The National Hydropower Policy proposes to provide 30-year debt to operators of power projects up to 300 mega watts. The approval to the 30-year debt would be given on a case-by-case basis.

The move aims to attract private operators to generate hydropower. The proposed policy would facilitate the adoption of tariff-based bidding for power projects up to 300 megawatt. At present, for bidding, the cost is the main basis. If the tariff based bidding system becomes successful, the Ministry of Power, Government of India, plans to adopt the same method for larger projects as well.

The Government of India aims to exploit the hydropower potential of over 1,50,000 megawatts.

At present, India is producing only 33,600 megawatts of hydropower. The private sector is likely to invest roughly Rs17,000 crore in hydropower generation.


bala
BRFite
Posts: 639
Joined: 02 Sep 1999 11:31
Location: Office Lounge

Postby bala » 26 Jul 2007 09:41

Smart move by India with Bhutan. Now, if we can get tie-up with Nepal (which has unfortunately become a hub for TSP ISI, Maoists) on hydel power. Tibet is a lost cause because of that idiot Nehru.

Bhutan, landmark hydel pact likely

India and Bhutan are expected to sign a landmark agreement on implementation of a 1,095 MW hydel project in that country during External Affairs Minister Pranab Mukherjee's official visit to the Kingdom from July 27.

The Punat Sangachu Wan hydel project is the latest project built with Indian assistance after Chukha, Huricha and Dhala for which India has invested over Rs 5,000 crores. The three hydel power plants together produce 1,400 MW of power. India draws power from the Bhutanese hydel plants.

The two countries also enjoy robust trade ties on the strength of a free trade regime. India accounts for a bulk of Burmese imports and exports with the quantum being over 90 per cent.

Since the two countries share a 700-km-long common border, they have been making efforts to strengthen border management. A joint plan to upgrade the border instrastructure is also on the cards.

bala
BRFite
Posts: 639
Joined: 02 Sep 1999 11:31
Location: Office Lounge

Postby bala » 27 Jul 2007 03:48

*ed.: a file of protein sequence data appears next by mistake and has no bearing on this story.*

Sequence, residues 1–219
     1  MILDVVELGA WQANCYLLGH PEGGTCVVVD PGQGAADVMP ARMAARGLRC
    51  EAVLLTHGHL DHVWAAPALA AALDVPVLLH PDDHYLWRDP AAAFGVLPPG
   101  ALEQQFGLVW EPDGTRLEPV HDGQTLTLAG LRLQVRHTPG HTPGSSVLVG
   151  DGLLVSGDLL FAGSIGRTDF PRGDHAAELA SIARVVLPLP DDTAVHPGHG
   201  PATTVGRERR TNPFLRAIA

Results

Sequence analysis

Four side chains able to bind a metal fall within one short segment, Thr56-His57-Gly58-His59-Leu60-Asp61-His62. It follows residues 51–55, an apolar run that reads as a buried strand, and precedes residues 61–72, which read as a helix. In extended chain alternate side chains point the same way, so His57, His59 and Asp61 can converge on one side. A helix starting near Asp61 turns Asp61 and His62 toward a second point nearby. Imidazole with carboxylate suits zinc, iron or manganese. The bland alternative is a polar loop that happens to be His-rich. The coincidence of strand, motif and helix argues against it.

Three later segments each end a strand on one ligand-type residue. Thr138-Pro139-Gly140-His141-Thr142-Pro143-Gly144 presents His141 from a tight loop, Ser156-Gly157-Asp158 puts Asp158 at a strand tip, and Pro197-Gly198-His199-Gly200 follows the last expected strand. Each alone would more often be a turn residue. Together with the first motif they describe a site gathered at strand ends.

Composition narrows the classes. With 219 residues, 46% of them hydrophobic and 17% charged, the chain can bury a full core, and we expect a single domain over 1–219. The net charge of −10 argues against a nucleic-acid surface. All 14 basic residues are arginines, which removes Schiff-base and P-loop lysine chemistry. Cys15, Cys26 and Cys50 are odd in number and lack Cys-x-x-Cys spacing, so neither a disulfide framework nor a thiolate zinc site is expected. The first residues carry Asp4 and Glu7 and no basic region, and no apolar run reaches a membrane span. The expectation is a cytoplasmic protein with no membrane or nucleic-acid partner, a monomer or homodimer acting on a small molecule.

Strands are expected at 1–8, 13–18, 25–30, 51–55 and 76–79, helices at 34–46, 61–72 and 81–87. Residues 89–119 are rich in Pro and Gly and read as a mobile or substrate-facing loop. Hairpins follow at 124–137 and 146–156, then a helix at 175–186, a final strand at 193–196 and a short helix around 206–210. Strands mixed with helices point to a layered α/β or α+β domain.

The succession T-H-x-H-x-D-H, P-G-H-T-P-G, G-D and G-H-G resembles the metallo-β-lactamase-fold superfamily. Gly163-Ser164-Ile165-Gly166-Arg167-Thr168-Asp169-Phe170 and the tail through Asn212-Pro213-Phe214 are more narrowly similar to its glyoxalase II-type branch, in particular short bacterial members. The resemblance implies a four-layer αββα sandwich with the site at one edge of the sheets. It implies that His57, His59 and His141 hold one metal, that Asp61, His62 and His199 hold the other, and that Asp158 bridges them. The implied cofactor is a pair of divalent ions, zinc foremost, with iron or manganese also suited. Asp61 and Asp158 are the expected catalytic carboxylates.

Someone in GOI needs to champion Solar Energy when India has abundant sunlight. Based on this article
India can generate as much as 1,00,000 mw of solar power from an area of 60 x 60 sq km, says solar energy expert Yogi Goswami. It does not need anything more than technology already available, he adds.
Why is the government unwilling to finance this sector? Why are subsidies highly subject to conditions when the conventional power sector gets away with heavy concessions? The Minister for New and Renewable Energy, can set a target of 1000 MW of Solar Energy per state on average as a target initially, that would get India to at least 30,000 MW of solar power. “It is just a mind set,â€

Yerna
BRFite
Posts: 108
Joined: 17 Oct 2003 11:31

Postby Yerna » 27 Jul 2007 04:07

bala wrote:Someone in GOI needs to champion Solar Energy when India has abundant sunlight. Based on this article
India can generate as much as 1,00,000 mw of solar power from an area of 60 x 60 sq km, says solar energy expert Yogi Goswami. It does not need anything more than technology already available, he adds..


So 3/4 of Indias total installed capacity can come from just a 60 sq KM piece of land and that too with available technology? How much solar energy does a 60 sq km area capture?

The land area of the lower 48 United States intercepts 50 trillion GJ per year, equivalent to 500 times the nation’s annual energy use.[52] This energy is spread over 8 million square kilometers of land area, so that each square meter is exposed to 6.1 GJ per year.

bala
BRFite
Posts: 639
Joined: 02 Sep 1999 11:31
Location: Office Lounge

Postby bala » 27 Jul 2007 04:31